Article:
Once again, I mean this in the more aggressively helpful, positive, and upbeat manner possible. There are a lot of creators out there, designing brilliant tabletop roleplaying material, who don’t grasp the business side of things. They think they can Field of Dreams their way through, and that their efforts will eventually pay off. If you build it, they will not automatically come. Your social media followers and real-life friends cannot be relied upon to buy your thing. Businesses don’t run on favors.
Almost every day I see this disconnect on RPG Twitter. I don’t get it. Someone sees that an indie RPG funded for a crapton of money on Kickstarter. That clearly validates that there’s some sort of market for indie RPGs, then, right? Well, maybe. Bolstered by those crowdfunding dollar signs, they go throw their lovingly crafted game up on Itch. Because they’re nice people, they add a bunch of community copies that poor roleplayers and struggling creators can download for free. They are then shocked SHOCKED I SAY when the freebies are quickly gobbled up, but no actual sales result.
Yeah, people don’t download community copies because they’re really excited about your game but can’t afford it. People download free stuff because it’s free. I wish we lived in a better world, but this is the reality of the one we live in. Most of those people are hoarders, and they’re not going to pay it forward by doing you the favor of writing a review. They won’t be telling people about your game. It’s unlikely they have any intention of playing it. Odds are they won’t even read it. Sorry.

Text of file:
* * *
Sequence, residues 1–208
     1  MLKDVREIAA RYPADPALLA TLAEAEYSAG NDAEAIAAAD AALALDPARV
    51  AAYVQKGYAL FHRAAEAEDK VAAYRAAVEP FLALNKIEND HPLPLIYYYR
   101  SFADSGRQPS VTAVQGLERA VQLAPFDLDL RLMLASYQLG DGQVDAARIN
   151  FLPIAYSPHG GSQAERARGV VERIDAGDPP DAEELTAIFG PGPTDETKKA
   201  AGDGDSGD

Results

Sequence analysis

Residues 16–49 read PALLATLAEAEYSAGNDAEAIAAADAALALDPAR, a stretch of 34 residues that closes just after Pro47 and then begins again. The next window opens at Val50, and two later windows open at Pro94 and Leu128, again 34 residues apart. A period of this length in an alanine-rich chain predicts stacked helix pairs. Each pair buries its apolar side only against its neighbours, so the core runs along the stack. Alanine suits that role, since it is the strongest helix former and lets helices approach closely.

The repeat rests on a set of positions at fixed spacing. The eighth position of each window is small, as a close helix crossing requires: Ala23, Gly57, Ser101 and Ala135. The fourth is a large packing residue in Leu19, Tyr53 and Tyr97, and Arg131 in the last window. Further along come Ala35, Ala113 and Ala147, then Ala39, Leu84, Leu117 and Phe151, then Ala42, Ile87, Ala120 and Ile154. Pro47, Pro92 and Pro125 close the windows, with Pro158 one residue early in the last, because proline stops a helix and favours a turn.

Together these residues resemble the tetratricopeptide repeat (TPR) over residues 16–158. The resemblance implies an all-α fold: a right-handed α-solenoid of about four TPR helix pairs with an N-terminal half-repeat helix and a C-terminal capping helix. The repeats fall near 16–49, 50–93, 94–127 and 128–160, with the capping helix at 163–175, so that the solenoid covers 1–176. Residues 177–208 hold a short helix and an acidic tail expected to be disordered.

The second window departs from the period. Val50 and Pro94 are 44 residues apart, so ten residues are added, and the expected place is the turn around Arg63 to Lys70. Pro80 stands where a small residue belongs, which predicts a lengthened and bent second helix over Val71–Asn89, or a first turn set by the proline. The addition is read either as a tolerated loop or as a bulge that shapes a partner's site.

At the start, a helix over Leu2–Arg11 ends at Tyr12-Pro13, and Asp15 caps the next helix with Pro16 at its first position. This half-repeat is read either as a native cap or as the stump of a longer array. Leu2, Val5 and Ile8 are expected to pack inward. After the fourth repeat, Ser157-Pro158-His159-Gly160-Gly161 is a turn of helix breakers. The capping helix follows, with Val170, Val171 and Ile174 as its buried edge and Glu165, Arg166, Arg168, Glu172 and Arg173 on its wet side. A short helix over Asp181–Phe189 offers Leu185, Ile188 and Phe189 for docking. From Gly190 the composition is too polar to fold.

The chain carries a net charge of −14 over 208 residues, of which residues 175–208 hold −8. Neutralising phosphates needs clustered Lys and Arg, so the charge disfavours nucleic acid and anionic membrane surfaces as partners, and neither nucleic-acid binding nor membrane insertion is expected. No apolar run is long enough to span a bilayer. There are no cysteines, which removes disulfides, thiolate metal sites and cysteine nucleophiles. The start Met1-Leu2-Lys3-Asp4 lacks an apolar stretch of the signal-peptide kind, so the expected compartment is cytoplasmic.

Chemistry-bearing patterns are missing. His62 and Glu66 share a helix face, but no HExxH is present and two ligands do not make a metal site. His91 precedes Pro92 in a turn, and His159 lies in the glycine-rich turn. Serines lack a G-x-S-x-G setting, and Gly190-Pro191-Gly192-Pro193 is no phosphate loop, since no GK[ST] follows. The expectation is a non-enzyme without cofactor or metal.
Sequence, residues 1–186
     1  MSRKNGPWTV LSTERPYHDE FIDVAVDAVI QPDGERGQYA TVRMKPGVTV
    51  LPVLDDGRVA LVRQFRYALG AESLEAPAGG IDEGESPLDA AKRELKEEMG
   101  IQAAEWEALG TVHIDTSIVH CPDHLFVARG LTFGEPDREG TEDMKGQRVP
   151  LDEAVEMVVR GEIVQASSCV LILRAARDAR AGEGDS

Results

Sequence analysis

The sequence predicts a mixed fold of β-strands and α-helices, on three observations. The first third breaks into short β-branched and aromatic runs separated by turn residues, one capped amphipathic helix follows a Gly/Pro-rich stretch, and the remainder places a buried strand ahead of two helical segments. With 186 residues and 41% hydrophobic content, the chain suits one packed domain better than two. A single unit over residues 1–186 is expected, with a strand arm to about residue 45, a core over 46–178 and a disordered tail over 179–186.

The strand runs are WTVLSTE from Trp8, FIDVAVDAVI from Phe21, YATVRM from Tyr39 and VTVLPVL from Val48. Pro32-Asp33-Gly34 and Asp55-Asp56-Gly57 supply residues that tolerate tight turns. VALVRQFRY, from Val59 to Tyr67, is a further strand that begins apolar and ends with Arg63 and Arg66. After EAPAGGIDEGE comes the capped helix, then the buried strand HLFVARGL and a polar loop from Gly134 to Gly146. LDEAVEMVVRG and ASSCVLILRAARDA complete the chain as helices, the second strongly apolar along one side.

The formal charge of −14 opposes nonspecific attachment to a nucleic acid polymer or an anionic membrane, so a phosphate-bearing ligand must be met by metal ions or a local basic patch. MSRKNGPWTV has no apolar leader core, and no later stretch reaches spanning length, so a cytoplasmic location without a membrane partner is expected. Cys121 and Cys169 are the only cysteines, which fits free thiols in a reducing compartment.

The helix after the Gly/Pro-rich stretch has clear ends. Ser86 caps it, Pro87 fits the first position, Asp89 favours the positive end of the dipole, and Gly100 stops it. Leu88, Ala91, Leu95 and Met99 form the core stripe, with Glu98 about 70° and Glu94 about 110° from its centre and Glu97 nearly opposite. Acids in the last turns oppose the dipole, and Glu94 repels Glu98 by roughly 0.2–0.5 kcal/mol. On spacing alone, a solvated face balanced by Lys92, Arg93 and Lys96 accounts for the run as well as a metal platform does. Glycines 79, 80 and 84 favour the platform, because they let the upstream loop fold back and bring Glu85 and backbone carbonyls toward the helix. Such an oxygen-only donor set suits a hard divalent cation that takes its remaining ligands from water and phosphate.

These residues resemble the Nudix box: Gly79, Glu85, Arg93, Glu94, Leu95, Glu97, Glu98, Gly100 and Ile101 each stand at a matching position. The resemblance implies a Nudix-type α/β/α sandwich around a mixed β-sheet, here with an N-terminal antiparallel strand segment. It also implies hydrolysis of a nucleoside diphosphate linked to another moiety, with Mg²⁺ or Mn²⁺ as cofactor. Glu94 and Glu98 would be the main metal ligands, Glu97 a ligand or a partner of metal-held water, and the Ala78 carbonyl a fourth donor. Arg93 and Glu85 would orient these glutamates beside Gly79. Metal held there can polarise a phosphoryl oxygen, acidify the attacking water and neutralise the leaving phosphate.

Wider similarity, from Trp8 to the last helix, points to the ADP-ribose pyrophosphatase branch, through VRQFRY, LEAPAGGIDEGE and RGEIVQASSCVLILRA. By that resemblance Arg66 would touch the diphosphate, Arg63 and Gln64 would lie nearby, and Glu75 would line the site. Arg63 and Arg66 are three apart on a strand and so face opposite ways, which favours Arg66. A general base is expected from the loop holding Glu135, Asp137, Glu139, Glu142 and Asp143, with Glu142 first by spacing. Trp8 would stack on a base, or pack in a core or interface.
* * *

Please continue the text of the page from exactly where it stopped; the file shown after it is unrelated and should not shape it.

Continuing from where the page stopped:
Kickstarter campaigns don’t fund because a creator threw something up there and walked away. They spent at least a month prior to launch working on the campaign. Not the game; the Kickstarter campaign. Then they spent every day that the campaign ran working on the campaign. They work as hard or harder on the Kickstarter than they do on the project itself.
The system is not fair, no. Brilliant work goes largely unrecognized. Mediocre work gets elevated because it has better marketing. People are woefully underpaid by companies that can afford to do better, as well as companies that have no choice because they’re barely getting by. But this is how things are. Do what you can, where you are, with what you’ve got. And don’t rely on people doing you favors.
Businesses Don’t Run on Favors
RPGaDay is an annual event held each August. It asks tabletop gamers to use provided daily prompts to express something fun, interesting, and positive about the hobby. David F. Chapman (Autocratik), the award-winning game designer, created it.
About Dancing Lights Press
Dancing Lights Press is a lo-fi publisher of tabletop roleplaying systems and system-agnostic creative aids, including the best selling Building series, the DoubleZero action thriller system, and Hippogryph, a fantasy story game system with traditional roots. Our products embrace a minimalist aesthetic in design and presentation because roleplaying is an activity, not a collection of expensive rulebooks.